Friday, November 29, 2013

#746 Old Medina, Rabat, Morocco

The view of the twin city of Sale across the river mouth as viewed from Rabat's old city.
I think if I had to pick a favorite capital city in the world, it might be Rabat, in Morocco. It is small and manageable, but central to the country and all the things one might need such as beaches, culture shows, and heritage. The incredible half completed Hassan Mosque (#864) sits on the top of the river cliff overlooking Sale the equally magnificent old city across the water (the Oued Bou Regreg). But one of the glories of Rabat is the old city which sits majestically on the cliffs above the beach, overlooking all that was important in its trade-packed history where it has risen to importance and fallen into village obscurity. It is not a huge old town, but what it lacks in size it makes up for in pretty alleyways and excellent shopping!
I think one of my favorite memories is from my first visit to the city. I was shopping in the old souq for souvenirs and gifts for Christmas, but it was hot and almost lunchtime, and one by one all the shops closed up for an afternoon siesta. The pretty wooden doors were soon all boarded up and the previously busy street was empty and quiet.
Returning years later when I was visiting Morocco for a friend's wedding, I was impressed that the beautiful sun shades and arches were still there and just as beautiful as I remembered.
The city is painted white and blue and green, but not overly so, and it is kept clean and safe because of both it's small size and the tourists that pass through, but it is local in a way that Fes and Marrakech are touristy.

Rabat has really only been the capital of Morocco since it was part of the French protectorate (away from the intrigues of the traditional capitals of Fes (#929), Meknes, and Marrakech (#988), although there were two brief imperial capital periods. However, it has been settled since the 8th century BC, with the necropolis at Chellah, a Phoenician then Roman settlement (called Sala Colonia), evolving into a Berber kingdom (keeping prominence as a settlement long after the Romans were gone, similar to its more northern cousin Volubilis (#912)). In the 10th century, the Zenata tribe that controlled Sale built a ribat (fortress-monastery) on the site of the Kasbah, which was later rebuilt by the Almohads in the 12th century. After the successful campaigns against the Spanish Reconquista under Yacoub al-Mansour, Ribat al Fatah (Victory Fortress) was expected to become a great capital, and the extensive walls and Bab Oudaia gate were built, the grand mosque planned, but all came to a halt with Al-Mansour's death in 1199 and the town fell from significance.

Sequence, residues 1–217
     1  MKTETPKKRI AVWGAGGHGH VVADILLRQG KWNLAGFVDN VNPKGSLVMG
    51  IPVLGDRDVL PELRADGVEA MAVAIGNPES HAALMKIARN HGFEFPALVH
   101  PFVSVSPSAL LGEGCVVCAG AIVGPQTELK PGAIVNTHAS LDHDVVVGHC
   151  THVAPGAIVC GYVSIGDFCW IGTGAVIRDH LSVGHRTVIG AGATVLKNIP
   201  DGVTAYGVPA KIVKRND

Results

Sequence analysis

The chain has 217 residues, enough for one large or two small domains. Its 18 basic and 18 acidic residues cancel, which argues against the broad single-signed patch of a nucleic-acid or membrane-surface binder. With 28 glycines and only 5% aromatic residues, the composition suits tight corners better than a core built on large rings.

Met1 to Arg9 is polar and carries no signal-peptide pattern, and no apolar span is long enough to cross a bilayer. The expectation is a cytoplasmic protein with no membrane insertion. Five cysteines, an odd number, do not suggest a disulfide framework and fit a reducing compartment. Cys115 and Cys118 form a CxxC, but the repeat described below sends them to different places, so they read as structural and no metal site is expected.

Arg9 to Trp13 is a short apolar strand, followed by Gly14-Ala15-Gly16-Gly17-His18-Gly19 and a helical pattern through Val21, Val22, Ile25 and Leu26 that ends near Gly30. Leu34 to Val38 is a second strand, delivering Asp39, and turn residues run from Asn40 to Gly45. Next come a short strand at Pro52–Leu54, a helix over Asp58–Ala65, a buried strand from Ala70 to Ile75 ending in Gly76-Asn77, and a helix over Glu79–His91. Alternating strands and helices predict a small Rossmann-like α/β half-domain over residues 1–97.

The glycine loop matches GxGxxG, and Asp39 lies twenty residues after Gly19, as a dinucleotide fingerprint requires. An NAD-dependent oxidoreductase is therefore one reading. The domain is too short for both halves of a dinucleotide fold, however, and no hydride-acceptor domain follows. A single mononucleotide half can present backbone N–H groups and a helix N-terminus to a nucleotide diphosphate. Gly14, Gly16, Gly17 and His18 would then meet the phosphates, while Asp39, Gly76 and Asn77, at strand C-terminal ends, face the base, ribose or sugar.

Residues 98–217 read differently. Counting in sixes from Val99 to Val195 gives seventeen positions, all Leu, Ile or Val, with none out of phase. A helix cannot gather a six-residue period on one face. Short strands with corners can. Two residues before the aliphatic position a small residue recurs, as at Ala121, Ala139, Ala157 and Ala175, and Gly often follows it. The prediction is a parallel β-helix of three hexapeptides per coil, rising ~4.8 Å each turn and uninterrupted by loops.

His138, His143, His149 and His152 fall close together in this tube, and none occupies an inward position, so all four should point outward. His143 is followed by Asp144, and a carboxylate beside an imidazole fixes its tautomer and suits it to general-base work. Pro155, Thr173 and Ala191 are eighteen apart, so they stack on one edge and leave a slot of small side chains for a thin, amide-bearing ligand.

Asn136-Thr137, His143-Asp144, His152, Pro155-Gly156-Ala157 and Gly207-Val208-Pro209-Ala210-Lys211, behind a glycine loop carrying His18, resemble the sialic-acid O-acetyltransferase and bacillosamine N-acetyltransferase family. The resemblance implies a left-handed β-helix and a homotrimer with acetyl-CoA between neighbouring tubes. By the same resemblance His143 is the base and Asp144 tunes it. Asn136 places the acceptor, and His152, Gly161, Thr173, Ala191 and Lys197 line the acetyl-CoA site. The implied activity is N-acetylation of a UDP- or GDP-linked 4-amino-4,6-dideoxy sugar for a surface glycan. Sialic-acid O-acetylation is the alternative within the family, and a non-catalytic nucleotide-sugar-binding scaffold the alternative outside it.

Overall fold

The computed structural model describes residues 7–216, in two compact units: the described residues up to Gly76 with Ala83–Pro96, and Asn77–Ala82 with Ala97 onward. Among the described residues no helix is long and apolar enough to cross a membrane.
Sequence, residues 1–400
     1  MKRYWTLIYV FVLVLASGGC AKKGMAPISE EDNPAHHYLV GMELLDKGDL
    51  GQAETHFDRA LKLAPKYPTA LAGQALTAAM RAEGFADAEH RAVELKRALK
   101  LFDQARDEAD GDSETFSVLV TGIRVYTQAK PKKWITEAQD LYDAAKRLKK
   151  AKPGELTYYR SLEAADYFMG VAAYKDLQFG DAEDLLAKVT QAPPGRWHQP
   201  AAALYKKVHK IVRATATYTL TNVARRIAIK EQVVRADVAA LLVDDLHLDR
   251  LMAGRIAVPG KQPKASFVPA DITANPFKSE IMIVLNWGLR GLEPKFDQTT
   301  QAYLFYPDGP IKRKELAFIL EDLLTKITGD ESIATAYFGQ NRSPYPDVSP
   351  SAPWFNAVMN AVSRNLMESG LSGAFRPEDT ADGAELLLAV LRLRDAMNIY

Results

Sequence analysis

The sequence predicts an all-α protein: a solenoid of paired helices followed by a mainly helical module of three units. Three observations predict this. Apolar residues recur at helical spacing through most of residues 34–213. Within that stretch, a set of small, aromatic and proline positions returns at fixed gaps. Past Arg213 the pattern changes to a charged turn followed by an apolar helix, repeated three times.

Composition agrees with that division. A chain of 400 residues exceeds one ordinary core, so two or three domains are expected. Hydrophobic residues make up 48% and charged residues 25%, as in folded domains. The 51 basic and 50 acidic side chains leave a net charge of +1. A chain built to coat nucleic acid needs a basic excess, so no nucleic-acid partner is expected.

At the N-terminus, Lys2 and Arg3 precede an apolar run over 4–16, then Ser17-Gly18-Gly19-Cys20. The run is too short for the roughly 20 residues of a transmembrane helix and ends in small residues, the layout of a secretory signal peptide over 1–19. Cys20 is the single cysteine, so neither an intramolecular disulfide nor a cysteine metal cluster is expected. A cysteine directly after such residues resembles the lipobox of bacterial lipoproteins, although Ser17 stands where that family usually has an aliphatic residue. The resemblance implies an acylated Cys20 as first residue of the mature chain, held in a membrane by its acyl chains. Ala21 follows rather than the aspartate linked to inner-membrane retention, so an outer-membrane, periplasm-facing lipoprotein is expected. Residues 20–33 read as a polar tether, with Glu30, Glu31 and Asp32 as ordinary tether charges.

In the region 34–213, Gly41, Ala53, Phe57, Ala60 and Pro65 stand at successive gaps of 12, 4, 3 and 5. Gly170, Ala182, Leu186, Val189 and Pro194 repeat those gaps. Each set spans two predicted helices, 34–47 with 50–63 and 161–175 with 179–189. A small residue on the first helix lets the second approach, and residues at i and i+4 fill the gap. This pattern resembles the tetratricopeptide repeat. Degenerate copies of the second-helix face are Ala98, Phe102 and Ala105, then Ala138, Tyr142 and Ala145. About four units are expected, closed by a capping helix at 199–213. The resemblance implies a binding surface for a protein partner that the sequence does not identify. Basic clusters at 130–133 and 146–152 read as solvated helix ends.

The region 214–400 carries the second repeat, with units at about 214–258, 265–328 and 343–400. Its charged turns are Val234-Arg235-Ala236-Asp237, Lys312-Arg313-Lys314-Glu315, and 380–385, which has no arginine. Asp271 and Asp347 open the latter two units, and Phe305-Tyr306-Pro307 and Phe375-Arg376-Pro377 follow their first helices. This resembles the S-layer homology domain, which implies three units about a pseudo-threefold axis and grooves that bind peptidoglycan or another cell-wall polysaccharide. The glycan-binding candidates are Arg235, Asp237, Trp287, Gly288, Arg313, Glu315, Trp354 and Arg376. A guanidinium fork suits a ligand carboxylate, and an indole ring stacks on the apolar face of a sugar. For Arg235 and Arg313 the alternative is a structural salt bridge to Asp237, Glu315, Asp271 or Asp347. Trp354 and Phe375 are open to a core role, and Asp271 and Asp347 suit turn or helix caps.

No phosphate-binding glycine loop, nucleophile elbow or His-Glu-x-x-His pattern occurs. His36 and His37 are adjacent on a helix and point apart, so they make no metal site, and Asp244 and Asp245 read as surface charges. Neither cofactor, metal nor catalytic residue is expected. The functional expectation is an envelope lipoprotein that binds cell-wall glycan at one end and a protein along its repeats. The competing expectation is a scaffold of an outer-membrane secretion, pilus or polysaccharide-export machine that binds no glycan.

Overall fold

In the 17th century there was an injection of new settlers in the area with refugees from Muslim Spain, Christian renegades, Moorish pirates, corsairs and other adventurers, many of whom roamed the Atlantic for Christian slave labor, only partially reined in by the Alawite sultans. The old city has survived from this era, and the modern capital (since 1956 independence) was a recognition of its suitable location, but the old part of the city is definitely smaller than those in Fes, Meknes and Marrakech.
Inside you will find the Souq as-Sebbat with lots of jewelry for sale, and a small flea market near the river. In the days of the Sallee Rovers, the broad open area near the Kasbah was site of the slave auctions.

Source: Lonely Planet Morocco 6th Edition 2003

Thursday, November 28, 2013

#747 Robert Louis Stevenson Museum, Samoa

In 1890 the Scottish author Robert Louis Stevenson had this mansion built on the outskirts of Apia, Samoa in hopes that the tropical climate would help his tuberculosis, but he only lasted four years before dying here, but not before he was adopted by Samoans as a storyteller. With a beautiful lawn and gardens next to untamed tropical forest where Stevenson is buried, the house was partially destroyed in cyclones in the early 1990s, but was loving restored as a museum for the centenary of Stevenson's death.
A short tour leads past the antiques and family photos. Why so amazing? Such manicured carefully tended humble appreciation of literature does not really get celebrated much, but when it's one of the things to see in tiny Samoa, it is valued.

Source: Lonely Planet's Samoa & Tonga 6th Edition 2009

Sunday, November 24, 2013

#748 Fethiye, Turkey

Livable and yet still traditional, Fethiye is a pretty town on a beautiful bay on Turkey's southern coast, flooded with history and heritage, mixed with modern, tourist-oriented Turkey. Named for an early Turkish pilot, ironically it doesn't even have its own airport (most traffic uses Dalaman, and hour to the west), but it was previously known as Makri ('long one' from the shape of its harbor).